Sunday, March 18, 2007

Reader mail...

Nick's e-mail was long. But, I'm going to try and distill it down to what, I believe, was his question (and relevant information). Nick, if you read this, please fill-in gaps that you feel are important or give more detail if you need. I think that other readers might have more, or better, advice. And, Nick, I will respond, via e-mail, to some of your more personal feelings and thoughts.

Nick J writes: My brother and his wife do not go to church, their marriage was a civil ceremony in a driveway, and they have shown no predilection for passing Catholic guilt along to their daughter. She had a baptism scheduled before her birth, but that was called off. (though I can’t confirm whether my mother hasn’t secretly baptized her. She’s a registered nurse, and she told me she used to secretly baptize infants when she worked in the Neonatal Intensive Care Unit. So my niece has had little, if any exposure to religion. It hasn’t been an issue, especially since my intelligent parents consider the fundagelical worldview of creationists and hatemongers laughable. On St. Paddy’s day, we have my Paternal Grandmother and Aunt over for corned beef and cabbage, Irish soda bread, and potatoes. Before dinner, my ‘rents said grace, and they involved my niece. Towards the end, my dad held his granddaughter’s hand and playfully guided her hand through the sign of the cross. I felt sick to my stomach. Ending grace, the entire table clasped their hands together trying to teach her to say “Amen”. And I was as sickened then as I was any moment while watching “Jesus Camp” and mumbling child abuse to myself. I felt sick because my brother may not be an out-and-out atheist, but I don’t know if he wants his daughter exposed to the guilt that we were burdened with as children. I love my parents and I respect their instincts as intelligent parenting adults more than I do my younger brother, but this was a line in the sand. This wasn’t about responsible parenting to me, it was about a possible break in the chain of needless religious indoctrination. I don’t know what I’m looking for from you, but I’ve always been more than confident in my positions, and I feel I’m in the right here. I don’t know if I am morally justified in being offended, or this is possibly some latent form of rebellion.

I think I would've felt a bit "sick" as well. I don't see your feelings as a "latent rebellion". I think that, as atheists/agnostics/non-believers, when we see religious indoctrination, we cringe at a very deep, visceral level. Especially if we've once been "that child". It's not rebellion: It's EMPATHY! It's calling out the fact that some parents value their child, an independent creature, so little. Really. When I read your story, I was reminded of a puppet master, controlling the strings of a puppet. Your father didn't even hesitate to consider that the child might have instincts or thoughts of her own. He made her into a puppet...and worse, she's not made of wood and string. She's a human being. Recognizing your father's action as bullshit isn't a short-coming on your part! It is, however, a testimony to just how arrogant some people can be about religion. However, it exposes a flaw in their philosophy. When theists pantomime acts of piety in children, they're merely reiterating the fact that they don't believe a rational, fully capable adult would buy it. They have to indoctrinate young in order for their belief to survive. Of course, they don't see it that way. But, it is what it is. It's grooming. It's binding up the limbs of a tree so that they can only grow in one direction.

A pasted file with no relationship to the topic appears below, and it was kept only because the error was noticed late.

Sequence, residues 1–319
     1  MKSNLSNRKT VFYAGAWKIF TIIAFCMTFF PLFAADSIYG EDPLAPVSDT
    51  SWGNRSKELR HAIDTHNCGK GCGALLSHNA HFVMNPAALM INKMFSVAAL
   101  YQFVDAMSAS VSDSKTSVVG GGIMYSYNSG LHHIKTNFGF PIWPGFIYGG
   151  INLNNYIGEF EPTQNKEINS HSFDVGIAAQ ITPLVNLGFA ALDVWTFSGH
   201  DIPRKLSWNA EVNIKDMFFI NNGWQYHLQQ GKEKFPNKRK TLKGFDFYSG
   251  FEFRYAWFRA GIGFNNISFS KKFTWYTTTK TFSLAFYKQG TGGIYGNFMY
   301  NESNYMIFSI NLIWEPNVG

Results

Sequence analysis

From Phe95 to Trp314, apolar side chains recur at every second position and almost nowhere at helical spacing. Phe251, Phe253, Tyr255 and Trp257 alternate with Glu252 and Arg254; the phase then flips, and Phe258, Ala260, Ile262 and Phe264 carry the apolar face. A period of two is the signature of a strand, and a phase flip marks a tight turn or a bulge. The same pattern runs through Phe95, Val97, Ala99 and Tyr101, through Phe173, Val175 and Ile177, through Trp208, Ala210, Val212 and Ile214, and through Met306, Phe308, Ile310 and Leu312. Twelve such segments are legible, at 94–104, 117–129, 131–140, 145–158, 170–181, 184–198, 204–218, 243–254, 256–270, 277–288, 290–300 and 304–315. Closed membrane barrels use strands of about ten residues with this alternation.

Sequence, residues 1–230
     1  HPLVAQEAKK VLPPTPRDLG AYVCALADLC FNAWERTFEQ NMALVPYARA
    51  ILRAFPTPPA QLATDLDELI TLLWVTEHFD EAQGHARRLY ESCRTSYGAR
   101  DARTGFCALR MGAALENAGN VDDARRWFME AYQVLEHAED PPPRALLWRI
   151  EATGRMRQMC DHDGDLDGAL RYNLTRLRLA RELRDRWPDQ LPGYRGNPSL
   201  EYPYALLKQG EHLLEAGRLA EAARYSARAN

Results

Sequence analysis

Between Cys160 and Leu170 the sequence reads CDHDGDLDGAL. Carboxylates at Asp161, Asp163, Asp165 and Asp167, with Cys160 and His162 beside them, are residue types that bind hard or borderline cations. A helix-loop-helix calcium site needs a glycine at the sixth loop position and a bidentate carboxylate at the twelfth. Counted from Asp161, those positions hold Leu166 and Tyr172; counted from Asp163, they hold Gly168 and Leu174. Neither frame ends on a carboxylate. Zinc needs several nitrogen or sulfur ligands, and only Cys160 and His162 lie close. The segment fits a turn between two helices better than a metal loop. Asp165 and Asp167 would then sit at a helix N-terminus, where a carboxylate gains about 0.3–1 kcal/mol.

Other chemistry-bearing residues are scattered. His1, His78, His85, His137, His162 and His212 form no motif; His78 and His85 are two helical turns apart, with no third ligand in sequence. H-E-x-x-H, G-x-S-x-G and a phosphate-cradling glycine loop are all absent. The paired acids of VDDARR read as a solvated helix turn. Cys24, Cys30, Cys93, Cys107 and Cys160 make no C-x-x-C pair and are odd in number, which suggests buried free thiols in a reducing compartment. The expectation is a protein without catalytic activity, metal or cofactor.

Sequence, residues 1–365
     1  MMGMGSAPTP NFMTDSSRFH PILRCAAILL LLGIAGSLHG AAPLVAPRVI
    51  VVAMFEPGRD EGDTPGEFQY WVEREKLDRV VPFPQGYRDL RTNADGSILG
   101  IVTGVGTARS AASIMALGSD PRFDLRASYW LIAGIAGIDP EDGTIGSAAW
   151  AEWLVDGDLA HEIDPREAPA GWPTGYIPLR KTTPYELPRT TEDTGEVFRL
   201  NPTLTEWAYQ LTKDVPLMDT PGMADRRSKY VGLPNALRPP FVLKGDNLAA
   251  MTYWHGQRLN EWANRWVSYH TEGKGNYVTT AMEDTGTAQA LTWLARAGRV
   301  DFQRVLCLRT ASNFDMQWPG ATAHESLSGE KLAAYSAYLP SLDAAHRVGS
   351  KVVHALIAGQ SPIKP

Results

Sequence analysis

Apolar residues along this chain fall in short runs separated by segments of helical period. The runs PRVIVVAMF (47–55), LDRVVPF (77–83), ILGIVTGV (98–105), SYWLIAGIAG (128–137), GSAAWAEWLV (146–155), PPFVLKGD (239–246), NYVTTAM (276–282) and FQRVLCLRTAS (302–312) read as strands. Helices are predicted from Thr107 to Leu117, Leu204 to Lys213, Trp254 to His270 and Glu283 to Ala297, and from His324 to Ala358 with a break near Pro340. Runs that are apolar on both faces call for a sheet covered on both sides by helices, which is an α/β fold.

As for staging a dinner table revolution,...I don't think it's necessary. Could be FUN! But, it would ultimately only serve as an example of, in the theist mind, why children should be protected from their "evil atheist" aunts/uncles/family. I know the temptation to loudly ask, "WHAT THE FUCK!?" is large. I've been in that position and it *is* nauseating. I've found, however, that the best way to negotiate this delicate issue (and families are always a delicate issue) is to plant little time bombs of rationality/reason in the heads of all present. What might I have said at your table (after swallowing the bile that would've surely risen in my throat)? "Gee Dad, it's interesting, to me, that you would use an intensely symbolic and sacred ritual in pantomime for the entertainment of the table. Is the "sign on the cross" no more sacred than learning to use a napkin or a fork, properly?"

I hope that makes some sense.


Taylor said...

My husband's family is the same way Nick's family is. Well, with the notable exception that they are fundamentalist Southern Baptists. We have begun to be on the watch for the infringements of their religious predilictions on our daughter's life - and they are everywhere. Last week, "My First Bible" the board book popped up at my mother-in-law's house. I think it is important to note that she did not show it to us, nor offer to send it home with the little one. So that says to me she is fully aware we do not want her to read it. As for how we are going to deal with the head on issue of our non-belief, we aren't sure yet. But we know that we are headed for one of those knock down, drag out, horrible catastrophes. Because they are of the mindset that anything other than their own truth is wrong, and you will burn in hell for it. So they are already on a mission to lead us to Christ, save our souls - whatever. It is so ridiculous. There is no reasoning with them!

AlisonM said...

You know, I think this situation bears some similarity to a child discipline one - when a child does or says something wrong in front of company, and you take the child aside (immediately or later, depending on the degree of offense) and explain the offense and consequence out of earshot of everyone else. Explaining to grandpa that the child is not going to get religious training should be done by the mother or father, in private, so that the issue doesn't become a giant blowup right then and there. It's a lot easier to defuse that if it starts off as a one-on-one and slowly becomes family gossip when nobody's feeding off a frenzy of family anger. The other thing to do, if you can handle it, is just wait. One day, the child (who has been taught that these rituals are things particular to certain relatives and she should just humor them) will come out with some absolutely precious retort, and it's not likely that the relatives who hear it will take off in a huff, because after all, kids just say the darndest things!